11.14.2012

Heavier by the weight of where I've been

Here we are again.  I'm not doing much going lately, mostly staying.  Which is strange for me. That said, I have been thinking about a lot, in my staying.  This is the gift and curse of the stay.

It feels as though I've been on a steep learning curve.  The universe keeps hurling things my way, and I barely have time to process a question before another is crashing into me.  Little bits of the world have been whirling around and, as usual, are far more connected than we could have imagined.  
Lately, this is what keeps me up at night:

1.  Did you ever consider how if you live alone, you can go an entire day (a week, even) without touching another human being?  It's been awfully quiet around here.  I've been living alone for the past couple weeks, and while I am a noted fan of silence and solitude, it can make you incredibly hungry for human interaction. This got me thinking about the value of human touch.  We can ache for it with such longing that, whether good or bad, we cannot help but crash into one another. In Brasil, we greeted each other with a kiss - not one, but two, on either cheek.  Friends and strangers alike.  Which meant, no matter the day, you were known by someone.  I miss the richness of that culture, of being "known" so unconditionally.

2.  When you are alone, a mouse can keep you company.  Even if he is unwelcome.  This is a fact.

3.  Remember the story of Lazarus?  The sick guy who died and then Jesus brought him back to life.  I've always thought it was strange how the Gospel of John says, "When He heard that he was sick, He stayed two more days in the place where He was."  Why would Jesus, knowing his friend was sick and dying, stay two more days?  Maybe it was because Jesus didn't want to just heal him, he wanted to resurrect him.  I wonder what Lazarus thought of his silence.  

I guess the silence is actually the answer.  The Master of the Universe entrusts us with His silence.  "When you cannot hear God, you will find that He has trusted you in the most intimate way possible - with absolute silence, not a silence of despair, but one of pleasure, because He saw that you could withstand an even bigger revelation."*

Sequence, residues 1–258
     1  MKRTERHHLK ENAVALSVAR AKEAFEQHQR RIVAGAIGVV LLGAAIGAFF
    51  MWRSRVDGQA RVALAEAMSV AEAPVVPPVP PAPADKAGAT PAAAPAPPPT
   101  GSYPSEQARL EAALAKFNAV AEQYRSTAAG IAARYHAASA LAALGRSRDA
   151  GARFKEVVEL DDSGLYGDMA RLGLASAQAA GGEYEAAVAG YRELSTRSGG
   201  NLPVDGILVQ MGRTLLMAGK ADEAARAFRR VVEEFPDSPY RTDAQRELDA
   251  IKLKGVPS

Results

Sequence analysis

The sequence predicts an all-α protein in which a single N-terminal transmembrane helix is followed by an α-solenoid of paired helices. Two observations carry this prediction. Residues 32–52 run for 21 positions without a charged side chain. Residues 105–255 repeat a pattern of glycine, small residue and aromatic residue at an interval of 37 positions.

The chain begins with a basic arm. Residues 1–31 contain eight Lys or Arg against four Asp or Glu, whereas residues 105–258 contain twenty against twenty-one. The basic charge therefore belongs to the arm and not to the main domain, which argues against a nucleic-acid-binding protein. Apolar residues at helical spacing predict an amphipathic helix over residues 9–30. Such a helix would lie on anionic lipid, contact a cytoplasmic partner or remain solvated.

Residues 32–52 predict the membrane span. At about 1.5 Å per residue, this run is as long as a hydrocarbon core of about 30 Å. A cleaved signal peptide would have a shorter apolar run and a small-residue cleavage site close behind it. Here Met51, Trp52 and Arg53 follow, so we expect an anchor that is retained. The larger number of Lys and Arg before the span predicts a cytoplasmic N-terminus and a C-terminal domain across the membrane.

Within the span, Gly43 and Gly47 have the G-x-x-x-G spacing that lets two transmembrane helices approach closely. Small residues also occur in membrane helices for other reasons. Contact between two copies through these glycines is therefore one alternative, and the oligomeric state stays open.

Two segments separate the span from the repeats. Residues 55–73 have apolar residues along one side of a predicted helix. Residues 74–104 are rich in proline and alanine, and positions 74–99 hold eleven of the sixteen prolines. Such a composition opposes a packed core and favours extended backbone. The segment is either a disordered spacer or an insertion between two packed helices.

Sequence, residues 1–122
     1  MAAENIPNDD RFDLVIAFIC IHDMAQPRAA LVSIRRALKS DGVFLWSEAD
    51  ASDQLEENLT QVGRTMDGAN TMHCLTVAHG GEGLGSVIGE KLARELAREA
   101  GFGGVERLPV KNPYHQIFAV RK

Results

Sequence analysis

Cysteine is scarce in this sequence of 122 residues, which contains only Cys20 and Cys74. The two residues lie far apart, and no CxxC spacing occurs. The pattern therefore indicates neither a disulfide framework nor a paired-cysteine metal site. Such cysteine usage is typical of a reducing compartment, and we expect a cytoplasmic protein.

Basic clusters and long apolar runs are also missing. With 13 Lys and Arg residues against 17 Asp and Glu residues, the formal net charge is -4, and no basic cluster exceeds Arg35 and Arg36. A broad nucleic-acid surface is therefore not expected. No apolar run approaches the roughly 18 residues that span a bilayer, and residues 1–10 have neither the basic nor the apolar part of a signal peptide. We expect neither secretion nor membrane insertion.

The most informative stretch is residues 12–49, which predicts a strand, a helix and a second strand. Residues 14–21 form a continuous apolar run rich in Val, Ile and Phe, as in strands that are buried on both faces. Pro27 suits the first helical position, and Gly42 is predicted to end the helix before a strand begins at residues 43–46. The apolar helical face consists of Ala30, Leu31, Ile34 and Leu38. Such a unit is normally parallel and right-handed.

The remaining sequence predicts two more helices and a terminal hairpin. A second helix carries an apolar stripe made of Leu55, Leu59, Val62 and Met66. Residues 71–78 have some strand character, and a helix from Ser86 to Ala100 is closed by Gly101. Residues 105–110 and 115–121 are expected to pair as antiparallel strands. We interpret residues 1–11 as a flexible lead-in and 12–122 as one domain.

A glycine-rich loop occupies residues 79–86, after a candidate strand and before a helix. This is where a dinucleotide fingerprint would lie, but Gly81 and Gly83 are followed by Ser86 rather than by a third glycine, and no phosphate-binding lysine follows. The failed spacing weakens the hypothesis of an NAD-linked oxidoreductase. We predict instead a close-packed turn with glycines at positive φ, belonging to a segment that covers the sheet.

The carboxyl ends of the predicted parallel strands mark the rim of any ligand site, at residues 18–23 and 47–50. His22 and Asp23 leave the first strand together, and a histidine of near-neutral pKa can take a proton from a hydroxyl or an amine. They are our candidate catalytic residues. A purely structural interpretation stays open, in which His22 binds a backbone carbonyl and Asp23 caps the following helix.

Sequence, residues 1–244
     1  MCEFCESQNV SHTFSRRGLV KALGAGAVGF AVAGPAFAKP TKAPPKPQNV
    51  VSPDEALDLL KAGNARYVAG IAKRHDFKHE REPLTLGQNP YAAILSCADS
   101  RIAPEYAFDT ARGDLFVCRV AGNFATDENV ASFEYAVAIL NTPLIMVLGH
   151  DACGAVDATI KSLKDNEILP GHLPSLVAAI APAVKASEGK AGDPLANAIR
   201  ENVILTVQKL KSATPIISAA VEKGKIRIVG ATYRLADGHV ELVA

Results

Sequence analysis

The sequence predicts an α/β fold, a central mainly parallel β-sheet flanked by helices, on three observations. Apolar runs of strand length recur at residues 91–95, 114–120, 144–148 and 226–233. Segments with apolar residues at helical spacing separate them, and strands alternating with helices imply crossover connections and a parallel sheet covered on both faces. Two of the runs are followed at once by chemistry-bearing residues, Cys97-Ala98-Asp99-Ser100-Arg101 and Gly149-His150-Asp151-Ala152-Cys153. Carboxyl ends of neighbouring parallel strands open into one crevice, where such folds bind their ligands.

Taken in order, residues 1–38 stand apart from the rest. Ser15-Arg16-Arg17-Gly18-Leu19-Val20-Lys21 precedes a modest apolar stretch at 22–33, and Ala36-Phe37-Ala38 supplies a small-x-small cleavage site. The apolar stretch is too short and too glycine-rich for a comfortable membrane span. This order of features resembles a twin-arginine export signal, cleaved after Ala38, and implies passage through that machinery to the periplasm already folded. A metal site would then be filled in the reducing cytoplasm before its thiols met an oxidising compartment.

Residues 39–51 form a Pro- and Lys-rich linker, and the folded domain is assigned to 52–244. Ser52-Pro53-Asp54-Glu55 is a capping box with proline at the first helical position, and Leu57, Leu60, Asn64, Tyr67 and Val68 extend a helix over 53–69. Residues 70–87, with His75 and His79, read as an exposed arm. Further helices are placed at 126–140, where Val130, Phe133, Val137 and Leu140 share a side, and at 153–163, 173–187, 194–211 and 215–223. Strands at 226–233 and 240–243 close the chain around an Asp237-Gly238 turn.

4.  This popped up on my daily TED Big Questions:  Why don't you stop thinking and simply enjoy it?

5.  A few weeks ago my sister passed along this great article in National Geographic that I keep coming back to.  It is on death and travel, respectively.  In it, the author speaks of how in the face of certain death, travel kept him alive - how he learned to open his eyes to the world, wide with wonder.  To say yes, even to the bad stuff.

"Isn't it wonderful to know, beyond any doubt and with infinite, unearned grace, that the world holds so much, that what we take most for granted in our lives - even the very shape of the land beneath us or the sky above - can change according to how we're willing to see it, to greet it?"

And this, from poet Rainer Maria Rilke, "Ah the ball that we dared, that we hurled into infinite space, doesn't it fill our hands differently with it's return: heavier by the weight of where it has been."**

6.  It's the small things.  And sometimes it takes a while.
I stopped by the Donut Vault on my way to the Art Institute today and had the most amazing pumpkin donut and coffee.  This place has forever changed how I feel about donuts.  Like mice, donuts can also keep you company.  At the Art Institute, I stood before Monet's Haystacks and realized something:  it took Claude Monet twenty-five paintings of haystacks to understand the light.

*Thanks to Oswald Chambers for these insights, from My Utmost for His Highest
**Read Edward Readicker-Henderson's complete essay in National Geographic here.

1 comment:

  1. Love your insights, Jessica! Can't wait to read your book. :-)

    ReplyDelete